Conference on Westminster Sale Encourages Those Opposed
By Anne Levin
At a conference in the Trenton courtroom of Judge Paul Innes on Monday between the New Jersey Attorney General’s Office and lawyers for all of the parties involved in Rider University’s plan to sell Westminster Choir College, no testimony was heard and no rulings were made.
But Bruce Afran, the attorney representing parties opposed to the sale, said that although the meeting was routine, he was encouraged by the state’s actions. Rider, which merged with Westminster in 1991, now wants to sell the choir college and its 22-acre Princeton campus to the Kaiwen Education Company of China.
“The Attorney General’s Office said the state will be retaining an expert in China corporate governance to address the issues of the control of the college under this deal by this commercial company,” Afran said. “Presumably they will also be looking into the role of the Chinese government. This is a significant step because it shows the state recognizes the question about governmental control of the choir college if the deal goes through.”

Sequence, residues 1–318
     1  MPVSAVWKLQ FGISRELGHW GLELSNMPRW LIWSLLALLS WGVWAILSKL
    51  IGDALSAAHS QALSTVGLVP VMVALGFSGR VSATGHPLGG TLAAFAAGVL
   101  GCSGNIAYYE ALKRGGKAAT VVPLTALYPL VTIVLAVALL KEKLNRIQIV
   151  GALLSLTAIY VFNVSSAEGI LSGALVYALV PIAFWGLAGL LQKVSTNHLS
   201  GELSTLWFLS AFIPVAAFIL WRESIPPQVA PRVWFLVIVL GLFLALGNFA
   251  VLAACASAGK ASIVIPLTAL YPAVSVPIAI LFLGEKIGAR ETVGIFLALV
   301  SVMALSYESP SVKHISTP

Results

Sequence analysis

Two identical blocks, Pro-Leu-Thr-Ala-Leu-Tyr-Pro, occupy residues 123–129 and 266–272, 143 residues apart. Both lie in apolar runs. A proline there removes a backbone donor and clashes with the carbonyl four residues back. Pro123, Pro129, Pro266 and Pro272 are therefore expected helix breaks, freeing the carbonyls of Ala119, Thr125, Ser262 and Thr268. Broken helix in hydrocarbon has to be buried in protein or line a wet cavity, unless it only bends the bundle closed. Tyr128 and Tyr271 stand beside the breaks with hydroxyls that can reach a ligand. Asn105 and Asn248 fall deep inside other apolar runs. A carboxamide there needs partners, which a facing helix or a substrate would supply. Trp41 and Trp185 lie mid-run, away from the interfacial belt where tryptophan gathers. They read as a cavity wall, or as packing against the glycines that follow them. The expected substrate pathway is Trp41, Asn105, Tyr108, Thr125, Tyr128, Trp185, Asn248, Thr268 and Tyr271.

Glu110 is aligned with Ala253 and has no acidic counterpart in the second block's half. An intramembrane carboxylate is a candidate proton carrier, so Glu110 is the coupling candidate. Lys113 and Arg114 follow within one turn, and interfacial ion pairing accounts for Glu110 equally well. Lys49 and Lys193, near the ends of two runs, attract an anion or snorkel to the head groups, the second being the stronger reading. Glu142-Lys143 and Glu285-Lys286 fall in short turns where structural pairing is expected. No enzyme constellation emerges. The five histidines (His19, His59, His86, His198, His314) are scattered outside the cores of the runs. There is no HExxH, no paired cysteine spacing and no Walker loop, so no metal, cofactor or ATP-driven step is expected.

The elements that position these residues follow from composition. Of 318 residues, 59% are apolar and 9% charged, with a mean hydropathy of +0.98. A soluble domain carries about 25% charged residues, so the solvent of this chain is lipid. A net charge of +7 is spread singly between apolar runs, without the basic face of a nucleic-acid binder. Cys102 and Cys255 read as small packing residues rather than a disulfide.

Several alumni, members of the faculty, and the Rider chapter of the American Association of University Professors are among those opposed to the sale.
Rider had declined to release the contents of the sale agreement with Kaiwen over the past few months. Late last month, the groups in opposition to the sale filed an Open Public Records Act (OPRA) request and the terms were released.
The attorney general criticized Rider for the lack of compliance in a recent letter to the New Jersey Chancery Court. Rider has yet to comply with the attorney general’s request for additional information, and the deadline is April 29. Once the materials are submitted, the attorney general will review them and then inform the court by June 7 if there are any issues with the documents, Afran said.
A decision on the legality of the sale is expected in July. The next conference is August 13.
“We think that based on the report that has come out, the state seems skeptical about the propriety of this proposed takeover of the college,” Afran said. “In the unlikely case that they support the sale, we will continue with our opposition in court. But we are pleased that the state is taking this seriously and giving it a thorough analysis.”